The geometry problem from my previous math puzzle has a nice solution. I particularly like it because it is one of these problems that are pretty hard to solve traditionally – unless you perform the right geometric construction – and at that point, the solution becomes trivial.
We will perform the following trick. From the point D we will draw a segment DE (with E on the longer side – AC in our case). E is chosen such that the angle(ABD) = angle(ADE).
At this point, our puzzle solving strategy is this:
a) Derive as much equations as possible from our new construction, and
b) Eliminate from these euqations any segments involving the point “E”.
First, we immediately observe that the triangle BAD is similar with the triangle DAE, therefore:
AD/AB = AE/AD = DE/BD (1)
From here we can extract AE without involving any other segments containing the point “E”:
AE = AD^2 / BA (2)
Second, because angle(ADE) + angle(EDC) = angle(ADC) = angle(ABD) + angle(BAD) we obtain: angle(BAD) = angle(EDC) = angle(DAE). In conclusion, the triangle ADC is similar with the triangle DEC, so:
DC/AC = EC/DC = DE/AD (3)
From here, we extract EC, again without involving any other segments containing the point “E”:
EC = DC^2 / AC (4)
Third, if we divide the other “unused” parts from equalities from (1) and (3) involving DE (but not involving any other segments containing “E”) we obtain: (AD/AB) / (DC/AC) = (DE/BD) / (DE/AD). AD simplifies, and we obtain:
AB/AC = DB/DC (5)
So, we have now three inequalities (2), (4) and (5), where the first two one involve the segments AE and EC.
Now, how we can get rid of “E” in AE and EC? We observe that AC = AE + EC, and by substituting AE and EC from the equations (2) and (4) above, we finally obtain something that doesn’t contain any “E”s anymore:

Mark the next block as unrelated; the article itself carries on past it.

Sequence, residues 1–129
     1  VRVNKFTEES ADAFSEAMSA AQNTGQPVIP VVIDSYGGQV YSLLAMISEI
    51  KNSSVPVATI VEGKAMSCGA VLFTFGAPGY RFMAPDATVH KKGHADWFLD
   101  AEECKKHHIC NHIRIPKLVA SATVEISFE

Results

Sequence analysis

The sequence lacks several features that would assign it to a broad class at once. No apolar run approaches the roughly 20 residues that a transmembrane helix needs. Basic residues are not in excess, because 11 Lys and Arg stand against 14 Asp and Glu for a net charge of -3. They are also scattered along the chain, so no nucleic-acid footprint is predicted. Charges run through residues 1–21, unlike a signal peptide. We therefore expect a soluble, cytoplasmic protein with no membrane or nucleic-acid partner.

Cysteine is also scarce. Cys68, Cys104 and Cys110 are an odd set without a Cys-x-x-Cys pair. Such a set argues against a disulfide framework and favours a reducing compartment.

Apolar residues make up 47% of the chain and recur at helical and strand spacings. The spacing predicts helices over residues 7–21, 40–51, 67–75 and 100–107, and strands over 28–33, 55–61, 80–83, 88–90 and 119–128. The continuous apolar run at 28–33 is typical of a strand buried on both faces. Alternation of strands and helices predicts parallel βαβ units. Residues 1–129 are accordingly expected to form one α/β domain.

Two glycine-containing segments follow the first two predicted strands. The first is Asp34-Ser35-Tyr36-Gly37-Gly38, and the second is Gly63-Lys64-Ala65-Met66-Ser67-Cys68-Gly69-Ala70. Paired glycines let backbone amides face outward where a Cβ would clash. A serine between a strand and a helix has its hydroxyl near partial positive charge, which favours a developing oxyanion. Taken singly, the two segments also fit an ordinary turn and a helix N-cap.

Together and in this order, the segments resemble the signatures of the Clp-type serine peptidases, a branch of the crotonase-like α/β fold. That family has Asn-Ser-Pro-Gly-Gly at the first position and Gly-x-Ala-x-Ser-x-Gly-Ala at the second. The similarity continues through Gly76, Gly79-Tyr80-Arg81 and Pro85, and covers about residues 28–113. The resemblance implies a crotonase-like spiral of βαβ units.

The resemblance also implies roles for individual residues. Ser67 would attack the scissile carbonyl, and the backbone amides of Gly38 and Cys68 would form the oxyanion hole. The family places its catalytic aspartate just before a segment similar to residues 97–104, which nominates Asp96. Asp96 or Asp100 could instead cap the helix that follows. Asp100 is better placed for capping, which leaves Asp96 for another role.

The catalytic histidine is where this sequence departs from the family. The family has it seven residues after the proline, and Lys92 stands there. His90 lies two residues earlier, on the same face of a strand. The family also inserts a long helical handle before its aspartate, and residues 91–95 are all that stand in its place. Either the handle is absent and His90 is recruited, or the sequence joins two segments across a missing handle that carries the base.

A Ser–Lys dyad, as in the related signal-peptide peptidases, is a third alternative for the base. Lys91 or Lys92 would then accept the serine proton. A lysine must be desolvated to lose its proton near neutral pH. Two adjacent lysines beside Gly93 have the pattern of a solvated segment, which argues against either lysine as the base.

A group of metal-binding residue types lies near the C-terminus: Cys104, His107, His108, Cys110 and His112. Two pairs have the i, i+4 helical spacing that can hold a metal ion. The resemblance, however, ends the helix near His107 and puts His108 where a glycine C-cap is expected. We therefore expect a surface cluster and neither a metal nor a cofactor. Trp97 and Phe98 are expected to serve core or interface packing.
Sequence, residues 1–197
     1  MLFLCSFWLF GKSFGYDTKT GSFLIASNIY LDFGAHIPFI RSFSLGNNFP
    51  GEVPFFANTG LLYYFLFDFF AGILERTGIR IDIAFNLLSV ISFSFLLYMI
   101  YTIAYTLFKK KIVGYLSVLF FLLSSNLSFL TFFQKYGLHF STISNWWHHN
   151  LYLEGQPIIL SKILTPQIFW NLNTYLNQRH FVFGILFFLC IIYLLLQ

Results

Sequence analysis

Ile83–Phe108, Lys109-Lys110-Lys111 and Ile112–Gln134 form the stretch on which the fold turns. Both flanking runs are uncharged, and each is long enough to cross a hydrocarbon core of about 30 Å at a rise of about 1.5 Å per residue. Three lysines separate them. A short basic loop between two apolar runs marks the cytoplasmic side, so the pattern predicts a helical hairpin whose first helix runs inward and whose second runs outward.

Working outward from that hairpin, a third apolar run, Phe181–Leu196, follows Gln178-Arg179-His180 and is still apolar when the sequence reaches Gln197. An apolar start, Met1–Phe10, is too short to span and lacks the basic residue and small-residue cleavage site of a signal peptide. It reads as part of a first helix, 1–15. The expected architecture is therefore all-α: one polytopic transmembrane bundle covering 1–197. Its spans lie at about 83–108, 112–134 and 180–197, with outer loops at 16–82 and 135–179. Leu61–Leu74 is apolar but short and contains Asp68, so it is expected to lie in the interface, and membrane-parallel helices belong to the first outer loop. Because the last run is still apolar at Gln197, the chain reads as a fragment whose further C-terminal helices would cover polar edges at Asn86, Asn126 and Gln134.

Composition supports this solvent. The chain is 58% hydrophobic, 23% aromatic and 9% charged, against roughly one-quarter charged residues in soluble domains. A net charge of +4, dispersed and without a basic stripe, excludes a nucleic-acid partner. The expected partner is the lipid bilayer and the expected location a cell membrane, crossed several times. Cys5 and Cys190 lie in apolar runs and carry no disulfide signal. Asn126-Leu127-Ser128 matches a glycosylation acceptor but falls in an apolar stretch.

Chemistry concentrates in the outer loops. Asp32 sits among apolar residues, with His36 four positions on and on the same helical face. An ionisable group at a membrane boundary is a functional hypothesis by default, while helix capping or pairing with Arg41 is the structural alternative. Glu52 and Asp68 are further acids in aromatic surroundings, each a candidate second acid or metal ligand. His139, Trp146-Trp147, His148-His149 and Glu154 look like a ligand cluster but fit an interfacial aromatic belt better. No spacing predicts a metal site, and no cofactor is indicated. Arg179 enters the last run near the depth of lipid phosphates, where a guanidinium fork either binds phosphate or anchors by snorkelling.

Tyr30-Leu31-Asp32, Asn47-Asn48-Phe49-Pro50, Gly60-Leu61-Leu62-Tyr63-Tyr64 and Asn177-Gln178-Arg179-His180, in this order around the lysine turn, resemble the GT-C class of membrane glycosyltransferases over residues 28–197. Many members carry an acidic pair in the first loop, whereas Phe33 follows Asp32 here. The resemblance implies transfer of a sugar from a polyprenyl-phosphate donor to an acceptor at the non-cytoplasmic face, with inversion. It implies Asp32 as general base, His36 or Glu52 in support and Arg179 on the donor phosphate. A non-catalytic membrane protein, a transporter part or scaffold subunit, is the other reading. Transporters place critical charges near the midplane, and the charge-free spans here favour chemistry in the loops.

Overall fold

AC = AD^2 / AB + DC^2 / AC. (6)
From here, we extract AD^2:
AD^2 = AC * AB – AB/AC * DC^2 = AC * AB – DB/DC * DC^2 = AC * AB – DB/DC * DC^2. (7)
In conclusion, after everyting simplifies nicely, we obtain our initial equality:
AD^2 = AC * AB – DB * DC
P.S. Feeedback summary on the puzzles:
1) MovGP0 posted another possible solution to the geometry problem at http://de.wikipedia.org/wiki/Benutzer:MovGP0/Dreieck but it looks like the proof is apparently incomplete (although I might be wrong).
2) Many readers correctly pointed out that the other sequence puzzle is a classic one, called the Convay sequence (also named the “Look and Say” sequence). As an anecdotic fact, I heard that it was initially done as a scientific study where people with mathematic abilities were tested along with people with literary/linguistic abilities. Interestingly, the persons with linguistic abilities found the solution much quicker than the ones with math abilities.